g said...

I would also say take the TT position; probably the wiser choice most of the time, if the place is not terrible, but given how uncertain these times are, it seems like an almost insane choice not to take it. A friend who was in an identical position two years ago did not take the TT job, and now has exactly nothing. A TT is something you at least know will pay the bills three years down the line, and for a worst case scenario, it's a better one than not having anything in three years time.

Josh said...

I hate to be Nancy Negative here, but I think the market is bound to perform worse than we hear in the mainstream. This stress test due out in two weeks is a sham, favoring default swaps over loans and likely to give regional banks poorer ratings than the behemoths. What will this mean? Little in the way of needed policy, restructuring, and management changes to put these banks on the right track. They're sweeping the problem under the rug, meaning it's likely to get worse before it gets better.

My pessimistic prediction: it will be at least a few years before the market gets better, and then a delay before educational markets improve. Remember, it took until 1932 for the United States to implement proper policy changes. Is it too outrageous to think that we may have to wait for 2011 for some decent policymaking?

zombie said...

I'm just more and more pleased every day about having a 2 year postdoc in Canada. Maybe things will be better by the time I get back.

As for VAP vs. TT, unless you really, really don't want to live there, or have a family situation like a working spouse that complicates it, I'd take the TT. Does anyone look favorably on a CV full of VAPs?

Mr. Zero said...

Remember, it took until 1932 for the United States to implement proper policy changes.I don't want to get into a whole big thing here--I don't have a prediction about when things will start to get better. But the lag you mention was caused by Herbert Hoover being President, and not doing anything for three years. Once FDR was elected the policy changes began to be implemented immediately.

Our Hoover analogue left office already; our FDR is already implementing policy changes. There's controversy about whether these changes are the right ones and whether they will be enough, and I don't deny that. But what would change in 2011?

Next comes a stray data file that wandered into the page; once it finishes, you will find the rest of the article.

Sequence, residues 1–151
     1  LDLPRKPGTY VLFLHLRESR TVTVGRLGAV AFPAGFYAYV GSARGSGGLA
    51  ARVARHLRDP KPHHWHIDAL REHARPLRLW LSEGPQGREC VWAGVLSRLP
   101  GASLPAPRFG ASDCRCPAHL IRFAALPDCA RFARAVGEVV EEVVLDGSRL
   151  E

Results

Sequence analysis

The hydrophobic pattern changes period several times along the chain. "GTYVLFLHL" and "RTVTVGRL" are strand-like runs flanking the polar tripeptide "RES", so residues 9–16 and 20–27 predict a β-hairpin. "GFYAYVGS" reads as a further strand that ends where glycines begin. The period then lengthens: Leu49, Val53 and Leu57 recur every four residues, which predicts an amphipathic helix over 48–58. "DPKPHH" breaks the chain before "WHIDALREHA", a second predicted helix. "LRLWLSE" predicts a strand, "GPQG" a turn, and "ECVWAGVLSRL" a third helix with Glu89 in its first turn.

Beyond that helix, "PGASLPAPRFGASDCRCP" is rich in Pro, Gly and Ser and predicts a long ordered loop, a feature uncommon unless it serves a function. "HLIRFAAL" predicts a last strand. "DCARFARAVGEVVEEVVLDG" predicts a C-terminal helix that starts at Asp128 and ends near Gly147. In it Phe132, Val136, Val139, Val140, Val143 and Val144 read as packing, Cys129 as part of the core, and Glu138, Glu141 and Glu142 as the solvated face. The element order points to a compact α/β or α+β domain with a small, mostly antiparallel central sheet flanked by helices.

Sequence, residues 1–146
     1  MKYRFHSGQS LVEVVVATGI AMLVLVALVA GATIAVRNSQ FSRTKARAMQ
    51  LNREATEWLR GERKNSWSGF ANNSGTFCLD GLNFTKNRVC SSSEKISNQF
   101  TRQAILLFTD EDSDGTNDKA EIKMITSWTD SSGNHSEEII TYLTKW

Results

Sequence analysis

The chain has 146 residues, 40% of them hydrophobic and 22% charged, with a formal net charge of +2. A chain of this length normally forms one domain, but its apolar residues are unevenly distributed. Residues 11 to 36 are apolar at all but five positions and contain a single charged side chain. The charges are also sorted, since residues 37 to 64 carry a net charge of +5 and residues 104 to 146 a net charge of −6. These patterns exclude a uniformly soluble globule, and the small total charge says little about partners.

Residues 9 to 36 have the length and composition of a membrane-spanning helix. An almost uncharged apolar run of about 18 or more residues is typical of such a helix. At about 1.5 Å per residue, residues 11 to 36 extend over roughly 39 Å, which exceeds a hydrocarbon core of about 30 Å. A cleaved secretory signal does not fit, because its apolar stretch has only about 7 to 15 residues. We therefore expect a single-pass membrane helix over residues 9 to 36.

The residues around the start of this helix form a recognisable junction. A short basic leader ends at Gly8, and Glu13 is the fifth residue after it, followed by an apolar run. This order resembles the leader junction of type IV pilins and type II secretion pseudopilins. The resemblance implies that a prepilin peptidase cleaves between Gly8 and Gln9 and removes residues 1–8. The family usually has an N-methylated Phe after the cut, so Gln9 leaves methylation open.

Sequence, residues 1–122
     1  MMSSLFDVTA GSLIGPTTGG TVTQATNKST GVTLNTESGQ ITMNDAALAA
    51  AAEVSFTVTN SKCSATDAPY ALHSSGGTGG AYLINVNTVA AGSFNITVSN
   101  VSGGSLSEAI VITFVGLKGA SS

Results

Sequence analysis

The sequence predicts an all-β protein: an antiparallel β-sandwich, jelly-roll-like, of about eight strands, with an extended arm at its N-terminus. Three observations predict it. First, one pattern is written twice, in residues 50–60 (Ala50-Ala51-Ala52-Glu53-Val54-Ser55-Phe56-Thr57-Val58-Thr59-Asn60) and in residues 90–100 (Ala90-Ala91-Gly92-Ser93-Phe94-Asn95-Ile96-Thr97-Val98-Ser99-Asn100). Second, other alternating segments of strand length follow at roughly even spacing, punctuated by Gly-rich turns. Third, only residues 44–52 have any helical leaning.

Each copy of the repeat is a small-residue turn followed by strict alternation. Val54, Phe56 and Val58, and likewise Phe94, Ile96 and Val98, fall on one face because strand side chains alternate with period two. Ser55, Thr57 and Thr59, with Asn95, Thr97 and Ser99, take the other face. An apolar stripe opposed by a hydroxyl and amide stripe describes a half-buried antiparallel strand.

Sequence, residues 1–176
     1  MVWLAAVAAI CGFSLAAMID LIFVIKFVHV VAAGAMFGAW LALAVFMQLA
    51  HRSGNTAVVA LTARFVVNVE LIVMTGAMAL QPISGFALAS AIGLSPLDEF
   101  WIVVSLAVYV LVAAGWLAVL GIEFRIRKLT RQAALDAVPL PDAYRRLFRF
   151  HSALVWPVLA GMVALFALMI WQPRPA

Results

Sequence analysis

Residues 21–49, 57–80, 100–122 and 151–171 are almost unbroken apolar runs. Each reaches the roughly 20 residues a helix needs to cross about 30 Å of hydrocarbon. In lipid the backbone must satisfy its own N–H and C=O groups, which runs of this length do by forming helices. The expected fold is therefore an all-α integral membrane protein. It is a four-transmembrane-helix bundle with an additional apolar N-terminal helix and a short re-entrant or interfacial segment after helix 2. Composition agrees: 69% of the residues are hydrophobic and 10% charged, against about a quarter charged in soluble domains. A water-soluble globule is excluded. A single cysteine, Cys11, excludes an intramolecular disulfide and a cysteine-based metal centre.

Mr. Zero said...

P.S. Why isn't blogger recognizing the spaces I put between quoted paragraphs and original paragraphs?

Anonymous said...

As an experience search committee member, let me say:

While search committees might not look favorably upon a CV full with VAPs, it is not at all a liability to have, say, one VAP at a top school, i.e., a better one than you can expect getting a TT job at. This might improve your odds of getting a TT job at a more desirable school in 1-2 years.

In other words, the answer is: It depends on where the VAP is, and how much higher that school/dept/program ranks (by whatever measure) than that of a TT position you could realistically get. And it depends if you already have a VAP on your CV.

So, for instance, if you are a new PhD, looking to take either (1) a VAP or even post-doc at an R1 or Ivy League or (2) a TT job at a mid/low-ranked school or in a undesirable locale, then I'd go with (1). Travel around, see new places, meet new colleagues while you're still young.

Anonymous said...

Don't forget about all the TT faculty that are looking to move. Given all the cuts are both publics and privates there will be a number of TT faculty looking for more security.

Anonymous said...

Mr. Zero, with all due respect, and speaking strictly with respect to the financial crisis, I don't think we see sufficient change in leadership direction. To be sure, there are differences: the stimulus bill had more spending and fewer tax cuts than a similar bill would have had under Bush, and the move to push health care reform through the reconciliation process could turn out to be significant. But even under Bush, we probably would have had some kind of stimulus, and as for policy with respect to the financial industry itself -- AIG, the big banks, etc. -- we have seen absolutely NO CHANGE from the policies of the Bush administration. I think this bodes very ill for the long-term health of the US economy -- to say nothing of the global economy.

Mr. Zero said...

anon 5:52,

1. as for policy with respect to the financial industry itself -- AIG, the big banks, etc. -- we have seen absolutely NO CHANGE from the policies of the Bush administration. I see why you would say that. The new administration is in a difficult position. The problems are deep and systemic, and they must honor the deals made by the previous administration or else the risk undermining their own credibility. I could be wrong, but I think we'll see major changes in the coming months.

2. I still don't see why we should expect the changes to take three years. The three-year delay in 1929 was caused by Hoover's inaction. Obama's not moving as fast as a lot of people would like--Paul Krugman has been pretty critical--but he's no Hoover.

3. In any case, my understanding (and obviously, I'm no economist) is that these economic problems are caused by issues that are fundamentally unresolved. On a deep level, nobody knows what will fix this. We're screwed.